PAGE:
The Coffee and Peasant cantatas by J.S. Bach reveal a wordly – even parodic — side to a composer often associated with cerebral themes. The Coffee Cantata, written for a performance in Zimmerman’s newly founded Kaffeehaus, is a satirical exploration of a pernicious addiction to coffee. The black concoction, after its introduction into the Western world at the end of the 17th century, was worshipped by some – perhaps because of the drink’s putative status as an aphrodisiac – and reviled by others. Bach’s cantata on the subject is ferociously witty; it includes, amongst other numbers, a veritable love song to the delectable liquid: ‘Ei! Wie schmeckt der Kaffee süsse’ . The Peasant Cantata, no less profane in theme, can be described as a comic dialogue in music. The text, written in a dialect peculiar to Upper Saxony, describes, with close attention to all matters financial, the banal existence of two peasants, an unnamed farmer and his wife, Mieke. With 24 movements, it is one of Bach’s most elaborately structured cantatas; with only 2 singers and 3 permanent instrumentalists, it is also one of his most economically scored.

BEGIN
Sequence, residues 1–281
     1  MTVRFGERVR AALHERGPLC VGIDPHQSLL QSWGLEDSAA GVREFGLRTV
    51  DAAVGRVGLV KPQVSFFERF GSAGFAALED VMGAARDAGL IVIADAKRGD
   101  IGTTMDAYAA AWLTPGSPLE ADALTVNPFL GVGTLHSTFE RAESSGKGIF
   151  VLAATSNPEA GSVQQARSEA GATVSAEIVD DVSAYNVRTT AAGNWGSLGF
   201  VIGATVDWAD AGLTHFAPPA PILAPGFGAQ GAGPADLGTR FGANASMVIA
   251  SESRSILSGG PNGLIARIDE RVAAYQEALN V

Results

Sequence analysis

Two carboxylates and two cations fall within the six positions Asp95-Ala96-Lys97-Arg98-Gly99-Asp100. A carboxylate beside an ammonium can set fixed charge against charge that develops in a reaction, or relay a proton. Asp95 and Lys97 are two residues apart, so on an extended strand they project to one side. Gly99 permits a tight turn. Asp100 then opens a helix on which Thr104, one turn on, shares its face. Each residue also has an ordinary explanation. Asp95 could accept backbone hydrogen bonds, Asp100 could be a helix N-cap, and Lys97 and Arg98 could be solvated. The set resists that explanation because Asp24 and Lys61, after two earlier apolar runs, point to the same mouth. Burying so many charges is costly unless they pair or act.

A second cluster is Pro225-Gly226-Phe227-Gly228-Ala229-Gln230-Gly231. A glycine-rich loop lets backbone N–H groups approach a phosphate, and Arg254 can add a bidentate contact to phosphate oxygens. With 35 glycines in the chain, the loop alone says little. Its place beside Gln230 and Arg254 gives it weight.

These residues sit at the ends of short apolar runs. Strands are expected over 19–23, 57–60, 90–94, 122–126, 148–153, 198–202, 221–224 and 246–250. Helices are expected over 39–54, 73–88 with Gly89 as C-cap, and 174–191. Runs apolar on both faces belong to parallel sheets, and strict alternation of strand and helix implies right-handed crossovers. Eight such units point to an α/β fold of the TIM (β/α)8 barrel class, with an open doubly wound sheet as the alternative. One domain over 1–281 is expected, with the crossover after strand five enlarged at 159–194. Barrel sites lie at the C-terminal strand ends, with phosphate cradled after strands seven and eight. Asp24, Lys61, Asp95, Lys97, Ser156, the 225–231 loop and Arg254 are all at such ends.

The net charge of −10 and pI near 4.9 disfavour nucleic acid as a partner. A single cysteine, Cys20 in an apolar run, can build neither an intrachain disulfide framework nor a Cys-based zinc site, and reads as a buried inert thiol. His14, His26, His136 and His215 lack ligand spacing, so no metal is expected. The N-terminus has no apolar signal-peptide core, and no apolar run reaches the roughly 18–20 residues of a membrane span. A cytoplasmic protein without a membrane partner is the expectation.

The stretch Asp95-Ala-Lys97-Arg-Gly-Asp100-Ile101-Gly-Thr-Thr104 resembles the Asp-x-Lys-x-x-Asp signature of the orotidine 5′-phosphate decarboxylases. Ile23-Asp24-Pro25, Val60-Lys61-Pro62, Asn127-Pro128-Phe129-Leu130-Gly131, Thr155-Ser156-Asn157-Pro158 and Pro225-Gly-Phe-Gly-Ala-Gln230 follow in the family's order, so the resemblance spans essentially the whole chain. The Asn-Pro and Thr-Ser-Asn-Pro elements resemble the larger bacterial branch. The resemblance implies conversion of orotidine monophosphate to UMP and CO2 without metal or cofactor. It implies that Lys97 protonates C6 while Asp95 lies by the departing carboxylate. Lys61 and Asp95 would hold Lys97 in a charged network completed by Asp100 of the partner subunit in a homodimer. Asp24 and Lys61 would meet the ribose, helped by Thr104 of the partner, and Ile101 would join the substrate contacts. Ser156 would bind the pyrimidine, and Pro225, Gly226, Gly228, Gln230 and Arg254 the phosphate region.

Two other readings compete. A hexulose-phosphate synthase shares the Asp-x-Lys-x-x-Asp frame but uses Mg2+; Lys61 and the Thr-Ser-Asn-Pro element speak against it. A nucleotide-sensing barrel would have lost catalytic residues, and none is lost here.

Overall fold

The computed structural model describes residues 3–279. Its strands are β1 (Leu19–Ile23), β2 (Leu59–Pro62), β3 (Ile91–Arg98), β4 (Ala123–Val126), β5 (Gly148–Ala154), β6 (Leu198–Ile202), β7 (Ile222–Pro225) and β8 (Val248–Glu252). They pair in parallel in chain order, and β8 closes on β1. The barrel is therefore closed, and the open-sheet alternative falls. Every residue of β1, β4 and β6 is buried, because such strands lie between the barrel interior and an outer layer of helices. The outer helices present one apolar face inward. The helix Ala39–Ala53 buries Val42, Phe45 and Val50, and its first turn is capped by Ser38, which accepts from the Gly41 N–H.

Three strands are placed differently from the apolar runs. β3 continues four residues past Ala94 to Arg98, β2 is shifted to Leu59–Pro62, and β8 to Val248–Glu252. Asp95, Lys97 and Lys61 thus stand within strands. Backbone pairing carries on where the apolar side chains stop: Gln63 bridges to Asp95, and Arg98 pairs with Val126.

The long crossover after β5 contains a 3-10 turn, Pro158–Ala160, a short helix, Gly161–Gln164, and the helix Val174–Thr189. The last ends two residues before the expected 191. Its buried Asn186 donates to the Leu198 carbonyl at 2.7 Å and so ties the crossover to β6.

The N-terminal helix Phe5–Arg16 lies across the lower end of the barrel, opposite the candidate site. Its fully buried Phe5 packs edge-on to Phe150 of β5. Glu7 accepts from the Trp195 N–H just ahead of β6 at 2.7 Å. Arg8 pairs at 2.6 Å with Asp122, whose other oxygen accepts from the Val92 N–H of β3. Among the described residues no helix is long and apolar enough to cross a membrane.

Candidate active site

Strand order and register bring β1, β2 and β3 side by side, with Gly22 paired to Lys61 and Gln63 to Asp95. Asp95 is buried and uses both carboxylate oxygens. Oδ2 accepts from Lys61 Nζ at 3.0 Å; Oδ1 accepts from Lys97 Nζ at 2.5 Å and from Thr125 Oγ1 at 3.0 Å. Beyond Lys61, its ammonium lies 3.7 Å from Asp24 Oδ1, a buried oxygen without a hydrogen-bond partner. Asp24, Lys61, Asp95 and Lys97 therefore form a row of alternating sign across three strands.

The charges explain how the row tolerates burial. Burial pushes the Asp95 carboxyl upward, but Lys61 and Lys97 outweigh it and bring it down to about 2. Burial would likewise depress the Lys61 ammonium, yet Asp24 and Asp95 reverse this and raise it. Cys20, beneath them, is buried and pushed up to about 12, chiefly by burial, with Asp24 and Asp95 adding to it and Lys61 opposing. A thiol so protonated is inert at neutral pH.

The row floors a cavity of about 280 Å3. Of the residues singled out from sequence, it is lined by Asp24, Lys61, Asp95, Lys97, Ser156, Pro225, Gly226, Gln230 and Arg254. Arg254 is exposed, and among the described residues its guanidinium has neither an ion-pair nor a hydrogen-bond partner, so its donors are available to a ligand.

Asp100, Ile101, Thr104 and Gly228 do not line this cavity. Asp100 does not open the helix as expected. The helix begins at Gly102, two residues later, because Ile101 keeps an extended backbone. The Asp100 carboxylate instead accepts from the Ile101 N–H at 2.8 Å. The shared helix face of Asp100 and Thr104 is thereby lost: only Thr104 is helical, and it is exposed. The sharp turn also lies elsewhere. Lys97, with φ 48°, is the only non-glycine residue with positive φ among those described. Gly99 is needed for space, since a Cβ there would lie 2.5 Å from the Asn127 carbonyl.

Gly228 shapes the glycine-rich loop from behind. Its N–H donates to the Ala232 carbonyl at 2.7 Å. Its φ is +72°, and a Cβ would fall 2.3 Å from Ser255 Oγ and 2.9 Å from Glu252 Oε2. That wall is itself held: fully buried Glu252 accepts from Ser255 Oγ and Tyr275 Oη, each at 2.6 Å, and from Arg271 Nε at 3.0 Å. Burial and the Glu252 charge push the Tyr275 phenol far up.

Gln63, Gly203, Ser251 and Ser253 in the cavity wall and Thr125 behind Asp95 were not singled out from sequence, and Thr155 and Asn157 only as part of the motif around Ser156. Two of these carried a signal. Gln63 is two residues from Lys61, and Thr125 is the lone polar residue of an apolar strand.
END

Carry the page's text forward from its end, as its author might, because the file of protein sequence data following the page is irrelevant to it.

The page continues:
Conductor – Chloe Rooke
Repetiteur – Anhad Arora
Chorus director – Joseph Beesley
Director – Michael Burden
Anne Trulove – Emily Gibson
Tom Rakewell – Maximilian Lawrie
Nick Shadow – Patrick Keefe
Father Trulove – Tom Lowen
Baba the Turk – Carrie Thomson
Keeper of the Madhouse – Josh Newman